|Subject: NZ troops cleared over shooting of
New Zealand News August 7, 2001
NZ troops cleared over shooting of Indonesian soldier
A United Nations investigating team has found that New Zealand peacekeepers were justified in killing an Indonesian soldier last month.
The finding came just hours after Prime Minister Helen Clark dismissed new concerns raised by the Indonesians about the shooting as "different levels of the Indonesian system speaking at different places".
Initially, the local Indonesian commander was reported as accepting responsibility for the gunfight, but last week the Indonesian Government issued statements demanding investigations into the "unprovoked attack".
The Indonesian soldier, a 21-year-old sergeant, was shot dead on July 28 in a clash with about 30 New Zealand troops.
The soldier, out of uniform, fired at least two shots at the peacekeepers from the Indonesian side of the unmarked border before they returned fire.
The exchange occurred in scrubland about 4km southwest of the town of Tilomar, near East Timor's southern coast.
"The investigating team consisting of United Nations military observers concluded that the UN peacekeepers had acted within reasonable grounds in engaging a man who they believed had fired on them from over the border," said peacekeeping spokesman Captain Isabelito Sanchez.
Helen Clark said yesterday that the issue was not between Indonesia and New Zealand, but a matter for discussion between Indonesia and the UN.
Foreign Affairs Minister Phil Goff earlier said Indonesia had made a "formal and strong" protest to Untaet (the transitional authority in East Timor) calling for an investigation.
"Indonesia put in a formal protest to Untaet on the 30th of July, what they called a formal and strong protest, saying that initial reports ... indicate that the deceased was not in a military uniform and a victim of an unprovoked fatal shooting by the United Nations peacekeeping force," Mr Goff said.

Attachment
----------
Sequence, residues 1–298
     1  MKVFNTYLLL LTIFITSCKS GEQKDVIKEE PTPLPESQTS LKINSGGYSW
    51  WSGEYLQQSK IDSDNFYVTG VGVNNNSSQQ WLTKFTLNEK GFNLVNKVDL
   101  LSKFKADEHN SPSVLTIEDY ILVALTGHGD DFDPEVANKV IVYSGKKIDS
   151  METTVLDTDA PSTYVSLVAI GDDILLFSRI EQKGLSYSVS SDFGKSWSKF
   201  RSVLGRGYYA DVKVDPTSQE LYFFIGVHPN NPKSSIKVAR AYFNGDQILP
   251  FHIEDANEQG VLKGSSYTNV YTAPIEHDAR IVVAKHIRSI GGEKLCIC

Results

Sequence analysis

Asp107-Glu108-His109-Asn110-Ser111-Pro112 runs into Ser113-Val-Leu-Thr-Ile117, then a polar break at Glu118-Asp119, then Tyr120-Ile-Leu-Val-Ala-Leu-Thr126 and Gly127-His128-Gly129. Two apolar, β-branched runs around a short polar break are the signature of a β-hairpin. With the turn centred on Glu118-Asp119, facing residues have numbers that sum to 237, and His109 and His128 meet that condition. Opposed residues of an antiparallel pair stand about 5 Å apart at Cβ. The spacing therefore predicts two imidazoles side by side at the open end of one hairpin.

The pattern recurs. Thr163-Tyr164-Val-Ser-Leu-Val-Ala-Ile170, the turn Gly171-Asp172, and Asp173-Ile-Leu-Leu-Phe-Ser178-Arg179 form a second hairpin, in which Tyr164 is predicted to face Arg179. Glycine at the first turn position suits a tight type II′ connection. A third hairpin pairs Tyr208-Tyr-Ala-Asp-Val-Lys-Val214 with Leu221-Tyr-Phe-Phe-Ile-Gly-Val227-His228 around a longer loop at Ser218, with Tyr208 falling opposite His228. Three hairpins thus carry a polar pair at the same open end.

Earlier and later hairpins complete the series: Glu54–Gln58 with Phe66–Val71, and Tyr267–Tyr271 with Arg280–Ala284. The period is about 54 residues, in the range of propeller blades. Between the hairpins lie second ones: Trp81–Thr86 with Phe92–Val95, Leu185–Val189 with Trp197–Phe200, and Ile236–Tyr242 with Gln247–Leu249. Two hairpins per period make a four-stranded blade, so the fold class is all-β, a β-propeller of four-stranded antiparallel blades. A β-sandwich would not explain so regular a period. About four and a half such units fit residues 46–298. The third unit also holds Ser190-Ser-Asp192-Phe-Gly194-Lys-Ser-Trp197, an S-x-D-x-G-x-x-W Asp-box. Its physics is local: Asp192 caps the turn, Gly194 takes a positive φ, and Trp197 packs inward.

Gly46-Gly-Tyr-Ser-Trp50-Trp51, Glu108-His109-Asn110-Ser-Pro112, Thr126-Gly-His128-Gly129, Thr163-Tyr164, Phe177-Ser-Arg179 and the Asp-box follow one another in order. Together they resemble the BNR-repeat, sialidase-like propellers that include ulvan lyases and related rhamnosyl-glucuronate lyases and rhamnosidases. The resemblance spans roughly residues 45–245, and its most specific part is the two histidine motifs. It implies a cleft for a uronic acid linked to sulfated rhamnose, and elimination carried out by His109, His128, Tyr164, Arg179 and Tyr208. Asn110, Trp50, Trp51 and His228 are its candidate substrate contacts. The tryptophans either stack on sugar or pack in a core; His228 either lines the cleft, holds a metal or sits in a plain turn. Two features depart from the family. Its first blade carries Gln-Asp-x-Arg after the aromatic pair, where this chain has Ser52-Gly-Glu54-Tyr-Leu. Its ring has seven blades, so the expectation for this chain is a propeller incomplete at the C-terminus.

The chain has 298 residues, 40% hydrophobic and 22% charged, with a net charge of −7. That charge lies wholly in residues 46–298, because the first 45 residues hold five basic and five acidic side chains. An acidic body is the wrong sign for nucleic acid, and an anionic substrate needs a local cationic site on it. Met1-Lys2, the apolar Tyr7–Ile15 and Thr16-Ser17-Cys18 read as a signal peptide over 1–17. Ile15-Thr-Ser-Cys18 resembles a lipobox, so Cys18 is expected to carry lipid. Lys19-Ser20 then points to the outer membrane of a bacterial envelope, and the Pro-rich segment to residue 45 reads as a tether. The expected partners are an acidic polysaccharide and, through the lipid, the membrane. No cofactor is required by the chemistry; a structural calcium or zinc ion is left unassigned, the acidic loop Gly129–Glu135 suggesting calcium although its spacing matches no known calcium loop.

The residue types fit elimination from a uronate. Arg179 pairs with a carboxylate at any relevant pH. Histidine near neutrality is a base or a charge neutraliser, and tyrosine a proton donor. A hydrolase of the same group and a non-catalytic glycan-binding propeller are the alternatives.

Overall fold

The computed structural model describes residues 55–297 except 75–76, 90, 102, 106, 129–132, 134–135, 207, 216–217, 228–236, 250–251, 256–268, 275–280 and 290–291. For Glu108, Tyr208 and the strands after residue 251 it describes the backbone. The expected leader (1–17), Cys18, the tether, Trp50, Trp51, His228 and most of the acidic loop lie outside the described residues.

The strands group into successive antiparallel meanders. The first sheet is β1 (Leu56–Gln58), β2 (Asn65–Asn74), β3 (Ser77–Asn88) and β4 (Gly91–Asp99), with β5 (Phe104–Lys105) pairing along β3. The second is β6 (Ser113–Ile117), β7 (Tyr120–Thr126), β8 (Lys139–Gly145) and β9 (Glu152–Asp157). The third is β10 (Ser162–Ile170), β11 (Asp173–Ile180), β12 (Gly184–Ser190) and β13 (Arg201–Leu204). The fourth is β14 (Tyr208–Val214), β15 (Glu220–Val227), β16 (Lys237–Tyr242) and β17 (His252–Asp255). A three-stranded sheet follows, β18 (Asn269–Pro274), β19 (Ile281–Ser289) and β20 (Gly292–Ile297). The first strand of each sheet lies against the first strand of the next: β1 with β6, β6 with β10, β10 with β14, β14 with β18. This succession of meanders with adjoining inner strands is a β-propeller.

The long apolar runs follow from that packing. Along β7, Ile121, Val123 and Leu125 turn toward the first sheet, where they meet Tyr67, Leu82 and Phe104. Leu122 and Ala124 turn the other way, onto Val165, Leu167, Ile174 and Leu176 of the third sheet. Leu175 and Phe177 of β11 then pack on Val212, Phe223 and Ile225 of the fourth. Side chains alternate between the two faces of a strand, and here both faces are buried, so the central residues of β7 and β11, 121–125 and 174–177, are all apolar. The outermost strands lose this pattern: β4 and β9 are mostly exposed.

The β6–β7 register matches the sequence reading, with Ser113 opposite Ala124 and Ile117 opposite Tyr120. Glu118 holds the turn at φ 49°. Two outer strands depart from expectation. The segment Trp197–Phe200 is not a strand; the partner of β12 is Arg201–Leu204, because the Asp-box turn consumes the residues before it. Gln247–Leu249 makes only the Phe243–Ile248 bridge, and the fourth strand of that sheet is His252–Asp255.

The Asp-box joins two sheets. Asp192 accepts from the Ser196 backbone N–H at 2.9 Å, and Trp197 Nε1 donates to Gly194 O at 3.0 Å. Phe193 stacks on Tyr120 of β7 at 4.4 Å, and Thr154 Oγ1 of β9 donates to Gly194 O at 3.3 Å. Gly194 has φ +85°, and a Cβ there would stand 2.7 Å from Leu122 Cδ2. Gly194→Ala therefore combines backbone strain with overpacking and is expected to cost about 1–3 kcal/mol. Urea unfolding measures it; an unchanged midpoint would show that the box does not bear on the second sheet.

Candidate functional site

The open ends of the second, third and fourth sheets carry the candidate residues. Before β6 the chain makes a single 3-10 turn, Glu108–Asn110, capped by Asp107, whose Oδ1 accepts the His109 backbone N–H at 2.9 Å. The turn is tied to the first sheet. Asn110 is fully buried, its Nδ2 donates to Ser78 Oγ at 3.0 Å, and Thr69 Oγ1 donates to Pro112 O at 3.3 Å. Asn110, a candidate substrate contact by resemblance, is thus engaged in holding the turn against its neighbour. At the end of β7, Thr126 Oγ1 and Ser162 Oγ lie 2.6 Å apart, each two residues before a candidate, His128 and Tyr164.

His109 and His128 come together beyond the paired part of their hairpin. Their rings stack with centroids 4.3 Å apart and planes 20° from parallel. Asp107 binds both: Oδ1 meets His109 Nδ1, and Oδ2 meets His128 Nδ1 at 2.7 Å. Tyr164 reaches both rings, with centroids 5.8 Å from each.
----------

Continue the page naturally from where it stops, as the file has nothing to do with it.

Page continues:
"It goes on to say that it attaches great importance to a full-scale investigation of the fatal shooting to ensure those responsible will be held fully accountable."
The Indonesian Government's statement called for a "full-scale investigation ... to ensure those responsible for this unacceptable act [are] to be held fully accountable".
It said the dead soldier was the "victim of an unprovoked attack".
The Foreign Ministry had since spoken to Indonesia's Foreign Ministry, whose position "seems to have toned down".
"Their emphasis, as ours is, is very much on a thorough, joint investigation and that will take place with the TNI and Untaet investigating it."
New Zealand had indicated its regret but remained confident the New Zealand troops had acted in accordance with the UN's rules of engagement.
There had been no indication the incident would upset our relationship with Indonesia's new Administration, led by Megawati Sukarnoputri, Mr Goff said.
No time limit had been put on the investigation.
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